I’m Already in College but I Answered a College App Essay Question Anyway…

A friend of mine contacted me asking for help writing a college essay for an esteemed university. Eager to use my love of writing to help out a friend while enhancing my skills, I found myself stumped to answer the simple essay question.

As I lay in bed at 1:00 in the morning, I found myself still concocting an answer to the question. And the answer to it is something you will find below.

Coming up with an answer to describe a community I belong to and how that’s influenced me, may seem like an easy task. But, as any good writer knows, it’s not the easy answers that get at people’s hearts or act as a stepping stone on the path towards finding the meaning of life. It’s not the over-thought ones that get you there either, though. Rather, to answer this sort of question, one needs to look towards no other place than the heart which, despite its complete and total cheese, actually leads towards some interesting answers.

My first instinct in tackling this question was to say something I’ve been involved in, the personal stuff. I started with a community of my faith and moved onto some of my hobbies after I realized that using faith would probably be a common answer among applicants.  After I explored the options of my plethora of hobbies, I realized that none of them defined me well enough to say that I truly belonged to any of them. So I moved past the concrete and into the abstract. I belong to a community of morals, of thought-provokers, of innovators. Yet none of those seemed to scratch the itch that had been bugging me since 10:00 that evening. So I pulled what I knew from philosophy class and questioned the idea of a community in general. What is a community? Do we ever actually belong to anything? Aren’t we all just a group of cells living alone in a world full of others who are equally as uncertain as we are as to what category we belong? Does one have to be labeled in a community in order to be considered successful? Why do communities exist? Would I even want to attend a university that required me to label myself in a manner that I didn’t think deserved labeling?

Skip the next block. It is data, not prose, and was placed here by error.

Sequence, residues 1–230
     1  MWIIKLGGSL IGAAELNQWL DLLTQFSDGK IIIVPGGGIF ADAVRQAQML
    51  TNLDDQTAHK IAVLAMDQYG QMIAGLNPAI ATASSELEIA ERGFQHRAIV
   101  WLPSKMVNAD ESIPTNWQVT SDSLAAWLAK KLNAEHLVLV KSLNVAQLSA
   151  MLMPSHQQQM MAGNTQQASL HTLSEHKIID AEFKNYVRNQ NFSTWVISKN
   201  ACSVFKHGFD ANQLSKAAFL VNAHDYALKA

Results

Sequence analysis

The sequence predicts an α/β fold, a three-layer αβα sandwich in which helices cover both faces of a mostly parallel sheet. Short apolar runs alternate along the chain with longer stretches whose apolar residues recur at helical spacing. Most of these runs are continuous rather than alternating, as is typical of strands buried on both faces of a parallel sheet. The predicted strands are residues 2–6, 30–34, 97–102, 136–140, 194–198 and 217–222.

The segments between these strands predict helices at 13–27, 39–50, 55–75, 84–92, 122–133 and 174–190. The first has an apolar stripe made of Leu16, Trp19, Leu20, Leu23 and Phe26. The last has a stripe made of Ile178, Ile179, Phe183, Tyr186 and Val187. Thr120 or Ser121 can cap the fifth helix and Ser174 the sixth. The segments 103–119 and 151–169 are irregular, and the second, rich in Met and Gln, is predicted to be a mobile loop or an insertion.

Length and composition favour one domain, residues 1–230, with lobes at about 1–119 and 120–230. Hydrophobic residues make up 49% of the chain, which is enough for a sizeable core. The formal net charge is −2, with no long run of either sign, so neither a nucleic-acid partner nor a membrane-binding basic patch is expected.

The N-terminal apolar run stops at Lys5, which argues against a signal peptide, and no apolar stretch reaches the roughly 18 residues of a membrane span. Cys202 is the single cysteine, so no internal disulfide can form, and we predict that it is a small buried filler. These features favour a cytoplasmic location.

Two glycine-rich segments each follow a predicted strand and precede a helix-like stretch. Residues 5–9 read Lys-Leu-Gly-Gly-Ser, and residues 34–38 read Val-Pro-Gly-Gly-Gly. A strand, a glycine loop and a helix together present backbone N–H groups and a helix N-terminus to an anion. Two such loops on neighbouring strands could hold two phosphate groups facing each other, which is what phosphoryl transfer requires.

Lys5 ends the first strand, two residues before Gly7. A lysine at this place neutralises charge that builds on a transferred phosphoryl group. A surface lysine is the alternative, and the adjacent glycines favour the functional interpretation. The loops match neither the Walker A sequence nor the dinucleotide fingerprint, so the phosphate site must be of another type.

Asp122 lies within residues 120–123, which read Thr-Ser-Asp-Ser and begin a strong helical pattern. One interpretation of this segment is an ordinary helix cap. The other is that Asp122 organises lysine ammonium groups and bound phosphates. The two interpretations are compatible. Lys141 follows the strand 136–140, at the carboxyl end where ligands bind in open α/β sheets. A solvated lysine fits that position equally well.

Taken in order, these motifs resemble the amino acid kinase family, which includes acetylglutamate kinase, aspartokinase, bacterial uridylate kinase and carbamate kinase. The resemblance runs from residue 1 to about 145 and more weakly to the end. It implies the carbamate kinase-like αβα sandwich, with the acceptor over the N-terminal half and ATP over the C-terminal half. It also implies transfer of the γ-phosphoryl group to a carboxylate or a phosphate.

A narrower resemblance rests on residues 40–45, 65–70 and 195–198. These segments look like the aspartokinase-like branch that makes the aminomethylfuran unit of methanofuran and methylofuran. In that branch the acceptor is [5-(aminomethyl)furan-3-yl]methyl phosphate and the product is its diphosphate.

Then I came to a series of conclusions:

  1. Taking an existential route wouldn’t answer the question, which after all was the task I was given. It also, on a separate note, would cause me to end up in the likes of Meursault in The Stranger. Side note: it doesn’t end well.
  2. This wasn’t for my personal application and I didn’t have any desire to attend the university who desired an answer to the question.
  3. It was pushing 2:00, I couldn’t sleep, and I knew I had to get my thoughts down on paper.

So I wrote. And this is what I came up with:

I belong to a lot of communities. Everyday, I become a part of a different community. Sometimes I add new communities in and sometimes I decide that the community would be better off without me.  To say that one specific community has shaped me in a way that is more impactful or significant than another, and therefore worthy of being chosen to answer an essay question, is nothing but complete ridiculousness. I cannot type out an answer to this question without saying that it’s my belief that I don’t belong to any communities at all. How can a person who’s 19 years old have the ability or power to say that he/she really “belongs” to a community at all? In this world, what defines a community is a very broad definition. Biologically, we belong to communities based on our sex and race. But even those communities are individually determined and being born into them doesn’t necessarily equate admission. It’s my personal opinion that one doesn’t need to be a part of a community in order to answer this question. Rather, one needs to recognize that as individuals, we influence each other. We are each our own unique communities, pulling together to create a world where we can all live as one. I suppose the only real community any of us belong to is the human race. It’s what we choose to create individually that affects us with the greatest impact and makes the togetherness we use to define a community, truly exist.

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